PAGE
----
On June 9, 2009 the Shell conglomerate comprising Royal Dutch Petroleum Company and Shell Transport and Trading Company agreed to settle a Court case in New York, by paying a total of US$15.5 million dollars. The complaints charged Shell with conspiracy with the military junta which ruled Nigeria in the 1990s to commit crimes against humanity, including summary executions, torture, inhuman and degrading treatment and arbitrary arrest and detention.
The background to the suits comprised the Shell drilling of oil in the Niger Delta Region of Nigeria which began in 1950. Frequent oil spills resulted in vast deforestation and destroyed the subsistence farming and fishing based livelihood of the Ogoni People. By the 1990’s the extent of the devastation of the area was appalling. This led to protests by the inhabitants, particularly the Ogini’s ethnic group which historically inhabited the area. Ken Saro-Wiwa, the son of an Ogoni Chieftain, author, television producer and environmental and human rights activist was one of the earliest members of the Movement for the Survival of the Ogoni People (MOSOP). The MOSOP in the early 1990s arranged peaceful demonstrations against Shell in protest against the degradation of Ogoni land. In 1993 the Nigerian Government arranged a military occupation of the Ogoni land.
In 1995 Saro-Wiwa and 8 other Human Rights and Environmental activists (the Ogoni 9) were executed by the military dictatorship of General Sani Abacha, arguably as a result of the outspokenness of their criticism of the Nigerian Government’s reluctance to hold the people’s best interest at heart in their dealings with foreign oil companies. One month after the execution of the Ogoni 9 Shell signed an agreement to invest $4 billion in a liquefied natural gas project in Nigeria.
The suits were filed shortly after the executions. Research, investigations and the discovery of documents unearthed powerful evidence of Shell’s complicity in the suppression of the protesters. These revelations increased the pressure on Shell and led to widespread criticism on an international scale.
Although that particular litigation ended with a settlement and Shell continues to deny liability, it is a landmark case for a number of important reasons. The suit itself appealed to both national and international law. The special tribunals which the Government established and the abuses of the protestors were attacked on the basis that they violated customary international law, the Universal Declaration of Human Rights, the Convention against Torture and other Cruel, Inhuman or Degrading Treatment or Punishment as well as the common law of the United States in relation to unlawful killings and other torts. It demonstrated a great potential for international and national laws to be invoked in the protection of human rights.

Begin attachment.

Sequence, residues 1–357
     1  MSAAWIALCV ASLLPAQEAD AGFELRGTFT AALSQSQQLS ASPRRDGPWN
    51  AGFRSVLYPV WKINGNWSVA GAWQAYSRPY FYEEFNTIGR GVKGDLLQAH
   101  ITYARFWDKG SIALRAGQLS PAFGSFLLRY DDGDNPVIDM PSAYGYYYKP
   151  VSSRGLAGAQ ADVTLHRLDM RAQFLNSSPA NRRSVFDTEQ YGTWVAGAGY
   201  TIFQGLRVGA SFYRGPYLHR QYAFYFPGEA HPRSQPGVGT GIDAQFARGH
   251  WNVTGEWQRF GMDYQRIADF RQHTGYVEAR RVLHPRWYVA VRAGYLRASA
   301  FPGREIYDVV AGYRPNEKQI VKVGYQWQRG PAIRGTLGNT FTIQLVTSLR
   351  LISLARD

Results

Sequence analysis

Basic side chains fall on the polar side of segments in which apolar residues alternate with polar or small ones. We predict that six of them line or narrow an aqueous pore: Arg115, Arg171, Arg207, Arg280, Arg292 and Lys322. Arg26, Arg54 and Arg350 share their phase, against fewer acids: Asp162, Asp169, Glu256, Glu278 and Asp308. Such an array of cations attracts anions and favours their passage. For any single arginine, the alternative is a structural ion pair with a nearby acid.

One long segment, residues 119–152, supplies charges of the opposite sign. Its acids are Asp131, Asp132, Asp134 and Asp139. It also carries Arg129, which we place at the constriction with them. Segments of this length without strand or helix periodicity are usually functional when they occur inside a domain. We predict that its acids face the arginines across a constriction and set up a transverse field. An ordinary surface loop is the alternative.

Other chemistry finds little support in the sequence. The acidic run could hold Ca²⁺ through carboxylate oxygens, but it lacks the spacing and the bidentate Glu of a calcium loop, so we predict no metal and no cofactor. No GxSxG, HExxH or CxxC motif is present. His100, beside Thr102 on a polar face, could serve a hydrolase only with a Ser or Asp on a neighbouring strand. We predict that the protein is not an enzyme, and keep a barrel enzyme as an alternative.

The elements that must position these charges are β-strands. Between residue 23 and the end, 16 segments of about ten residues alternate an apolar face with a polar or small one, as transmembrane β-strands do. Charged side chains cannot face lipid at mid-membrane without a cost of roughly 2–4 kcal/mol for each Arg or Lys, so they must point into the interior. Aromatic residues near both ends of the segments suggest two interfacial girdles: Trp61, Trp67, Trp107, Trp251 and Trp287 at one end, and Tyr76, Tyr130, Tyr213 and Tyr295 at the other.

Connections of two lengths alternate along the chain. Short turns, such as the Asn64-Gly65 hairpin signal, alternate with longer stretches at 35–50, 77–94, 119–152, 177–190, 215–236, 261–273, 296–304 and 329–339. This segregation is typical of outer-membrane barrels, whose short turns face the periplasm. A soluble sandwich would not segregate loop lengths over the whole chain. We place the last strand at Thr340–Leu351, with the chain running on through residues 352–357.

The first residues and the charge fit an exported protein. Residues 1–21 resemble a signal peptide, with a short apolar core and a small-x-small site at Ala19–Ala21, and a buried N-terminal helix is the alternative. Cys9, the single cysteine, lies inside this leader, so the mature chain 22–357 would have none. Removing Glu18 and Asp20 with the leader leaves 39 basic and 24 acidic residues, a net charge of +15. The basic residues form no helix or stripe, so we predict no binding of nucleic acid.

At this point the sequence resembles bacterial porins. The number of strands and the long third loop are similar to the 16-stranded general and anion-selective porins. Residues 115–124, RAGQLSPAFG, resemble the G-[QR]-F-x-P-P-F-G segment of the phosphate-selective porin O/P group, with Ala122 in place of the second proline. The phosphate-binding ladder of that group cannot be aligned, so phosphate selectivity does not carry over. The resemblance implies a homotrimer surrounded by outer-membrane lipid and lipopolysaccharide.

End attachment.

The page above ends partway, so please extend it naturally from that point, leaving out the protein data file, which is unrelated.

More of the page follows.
The Claimants invoked the Alien Tort Claims Act which grants jurisdiction to US Federal Courts over “any civil action by an alien for a tort only, committed in violation of the law of nations or a treaty of the United States”.
These cases also demonstrate that national Governments can provide legal mechanisms which will serve to protect their citizens against human rights abuses by powerful transnational corporations which operate on a global scale sometimes with the impunity provided by the governments of the states affected. They also provide encouragement to environmental activists whose legitimate human rights to protest and demonstrate have frequently been suppressed.
More recently in July 2011 a Nigerian Federal Court gave judgment against Shell after 10 years of litigation and ordered Shell to pay US$100 million damages to Ejama – Ebubu community for a 1970 oil spill. More than 500 other civil suits have been filed and are pending in Nigerian Courts against Shell in Nigeria. There have also been class actions against Shell in England and inquiries by Dutch and Nigerian legislatures. There have been recurrent oil spills which continue to cause widespread human rights abuse. In 2006, the Niger Delta Natural Resource Damage Assessment and Restoration Project (an independent team of scientists from Nigeria, the U.K. and the U.S.) characterized the Niger Delta as “one of the world’s most severely petroleum-impacted ecosystems”. These violations have attracted the ire and criticism of a large number of environmentalists and human rights organizations. There is now a powerful movement which is insisting that Shell should clean up its act and be brought to account.
There is no doubt that civil society’s influence and the advocacy of the media, which conducted research into the background helped to focus a search light on Shell’s actions and have increased the moral and legal pressures on the conglomerate.